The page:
Congressman Crawford (R-AR) along with Representatives Costa (D-CA), Terry (R-NE), and McIntrye (D-NC) introduced a bill entitled the “Farmer Identity Protection Act” last week that would prohibit the Environmental Protection Agency (EPA) from releasing agricultural producers’ private information into the public domain. The legislation comes in response to EPA’s 2013 release of agricultural producers’ private information to environmental groups filing Freedom of Information Act (FOIA) requests. Congressman Crawford said EPA’s information leak included names, addresses, phone numbers, and GPS coordinates of more than 80,000 agricultural producers in 30 states, including Arkansas.
Rep. Roby Leaves House Ag Committee Replaced by Rep. McAllister
Representative Vance McAllister (R-LA) has joined the House Agriculture Committee, succeeding Representative Martha Roby (R-AL), who took a seat on the House Appropriations Committee. Congressman McAllister will serve on the General Farm Commodities and Risk Management; Conservation, Energy, and Forestry; and Department Operations, Oversight and Nutrition subcommittees.
EPA Water Rules Regulation Imminent?
The EPA is set to issue new regulations clarifying which bodies of water the agency must oversee under the Clean Water Act. There is no timetable for when the regulations will be issued, according to the report in The New York Times: http://www.nytimes.com/2014/03/13/us/politics/environmental-protection-agency-water-rules.html?smid=tw-share&_r=3
FAA releases fact sheet about Unmanned Aerial System regulations
There has been quite a lot about drones in the news recently and we will actually have a drone demo at the annual meeting in Tucson this fall (Oct 27 – Nov 1). This story from Farm Futures the FAA dispels myths about the regulations regarding these systems. Read more on the Farm Futures website: http://farmfutures.com/story-faa-busting-myths-unmanned-aerial-systems-17-109512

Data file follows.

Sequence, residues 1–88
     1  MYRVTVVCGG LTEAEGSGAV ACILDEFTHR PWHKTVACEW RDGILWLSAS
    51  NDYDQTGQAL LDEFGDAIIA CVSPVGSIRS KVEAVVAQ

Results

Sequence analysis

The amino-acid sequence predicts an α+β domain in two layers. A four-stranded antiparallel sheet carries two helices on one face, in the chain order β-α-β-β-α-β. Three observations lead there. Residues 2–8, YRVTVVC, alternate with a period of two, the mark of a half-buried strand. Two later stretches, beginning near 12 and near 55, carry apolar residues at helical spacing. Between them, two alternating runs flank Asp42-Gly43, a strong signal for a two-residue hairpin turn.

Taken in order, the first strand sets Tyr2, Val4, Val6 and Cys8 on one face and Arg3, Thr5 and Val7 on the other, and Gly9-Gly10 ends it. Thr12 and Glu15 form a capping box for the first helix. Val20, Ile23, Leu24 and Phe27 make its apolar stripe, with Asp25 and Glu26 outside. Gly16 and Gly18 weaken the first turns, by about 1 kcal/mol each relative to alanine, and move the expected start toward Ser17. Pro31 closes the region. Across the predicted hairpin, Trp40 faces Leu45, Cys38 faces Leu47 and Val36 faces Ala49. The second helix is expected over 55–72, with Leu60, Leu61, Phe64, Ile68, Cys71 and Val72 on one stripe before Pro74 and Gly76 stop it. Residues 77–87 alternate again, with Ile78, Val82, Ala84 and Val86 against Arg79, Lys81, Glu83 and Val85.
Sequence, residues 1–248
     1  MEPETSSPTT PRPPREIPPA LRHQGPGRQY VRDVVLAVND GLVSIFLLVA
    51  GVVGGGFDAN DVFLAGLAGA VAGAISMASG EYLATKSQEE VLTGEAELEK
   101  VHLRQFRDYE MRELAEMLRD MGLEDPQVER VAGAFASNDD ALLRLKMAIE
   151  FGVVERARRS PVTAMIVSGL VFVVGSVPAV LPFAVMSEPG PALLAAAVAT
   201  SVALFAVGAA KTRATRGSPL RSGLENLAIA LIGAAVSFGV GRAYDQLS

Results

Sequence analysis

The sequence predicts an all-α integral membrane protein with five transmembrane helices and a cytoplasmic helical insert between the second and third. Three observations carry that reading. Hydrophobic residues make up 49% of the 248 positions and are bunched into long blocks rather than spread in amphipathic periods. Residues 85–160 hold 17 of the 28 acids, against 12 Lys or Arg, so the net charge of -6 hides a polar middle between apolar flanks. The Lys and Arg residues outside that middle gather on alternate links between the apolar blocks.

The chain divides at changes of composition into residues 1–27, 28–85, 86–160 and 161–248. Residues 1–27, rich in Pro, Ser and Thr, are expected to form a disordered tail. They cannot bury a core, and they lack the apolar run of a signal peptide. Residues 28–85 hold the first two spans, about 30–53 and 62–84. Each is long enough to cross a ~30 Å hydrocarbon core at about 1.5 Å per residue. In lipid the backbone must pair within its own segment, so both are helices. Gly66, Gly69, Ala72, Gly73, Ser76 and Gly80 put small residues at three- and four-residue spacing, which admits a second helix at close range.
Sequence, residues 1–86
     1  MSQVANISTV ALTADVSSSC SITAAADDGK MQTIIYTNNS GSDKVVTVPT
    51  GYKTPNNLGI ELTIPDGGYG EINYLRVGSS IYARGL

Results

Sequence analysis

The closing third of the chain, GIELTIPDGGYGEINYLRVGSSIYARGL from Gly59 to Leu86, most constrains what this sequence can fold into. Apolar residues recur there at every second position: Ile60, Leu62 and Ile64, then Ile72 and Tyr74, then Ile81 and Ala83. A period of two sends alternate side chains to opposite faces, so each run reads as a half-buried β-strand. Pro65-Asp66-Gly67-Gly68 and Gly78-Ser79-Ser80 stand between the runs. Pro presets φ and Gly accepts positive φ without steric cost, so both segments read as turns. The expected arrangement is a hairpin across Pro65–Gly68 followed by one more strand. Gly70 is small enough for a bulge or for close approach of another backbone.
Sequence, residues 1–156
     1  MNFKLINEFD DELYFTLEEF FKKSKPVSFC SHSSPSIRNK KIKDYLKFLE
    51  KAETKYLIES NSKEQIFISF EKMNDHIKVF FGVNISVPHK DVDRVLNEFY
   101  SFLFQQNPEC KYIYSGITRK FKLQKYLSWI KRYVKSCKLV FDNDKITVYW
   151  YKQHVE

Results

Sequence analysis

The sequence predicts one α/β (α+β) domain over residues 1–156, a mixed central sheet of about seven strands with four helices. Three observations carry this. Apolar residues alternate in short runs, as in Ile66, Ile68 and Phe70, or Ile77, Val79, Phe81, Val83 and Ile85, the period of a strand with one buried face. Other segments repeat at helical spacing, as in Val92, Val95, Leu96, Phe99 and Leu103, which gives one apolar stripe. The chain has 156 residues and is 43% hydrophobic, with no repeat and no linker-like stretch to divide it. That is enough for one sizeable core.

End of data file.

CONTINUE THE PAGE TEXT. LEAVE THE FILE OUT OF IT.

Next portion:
New USDA agriculture census report shows trends
By David Bennett - Delta Farm Press – The USDA has released a preliminary report on the 2012 Census of Agriculture. The full report will reach the public in May. The preliminary data provides “a snapshot of a strong rural America that has remained stable during difficult economic times,” said Tom Vilsack, Agriculture Secretary. Continue reading: http://deltafarmpress.com/government/new-usda-agriculture-census-report-shows-trends?NL=DFP-01&Issue=DFP-01_20140306_DFP-01_29&YM_RIDfirstname.lastname@example.org&YM_MID=1453144&sfvc4enews=42&cl=article_2
Wells Fargo lowers FHA credit scores to 600
By Pete Carey, San Jose Mercury News – A move by Wells Fargo Bank to lower the bar for certain government-backed mortgages is stirring hopes of homeownership among people with credit scores battered by the recession. Read more: http://www.mercurynews.com/business/ci_25200954/wells-fargo-lowers-credit-scores-fha-loans?utm_source=NEWZ%3A+Wells+Fargo+lowers+FICO+scores%2FDeadbeat+AMCs+coming%2FWho%27s+busy%3F&utm_campaign=at+1-31-12&utm_medium=email
New farm program made easy
Logan Hawkes – Western Farm Press - Hoping to avoid another federal government website embarrassment, USDA has rolled out a clean new web site that provides some excellent resources for understanding the way the new farm bill programs and options work. Continue reading on the Southwest Farm Press: http://southwestfarmpress.com/government/new-farm-program-made-easy?NL=SWFP-01&Issue=SWFP-01_20140314_SWFP-01_437&YM_RIDemail@example.com&YM_MID=1454831&sfvc4enews=42&cl=article_1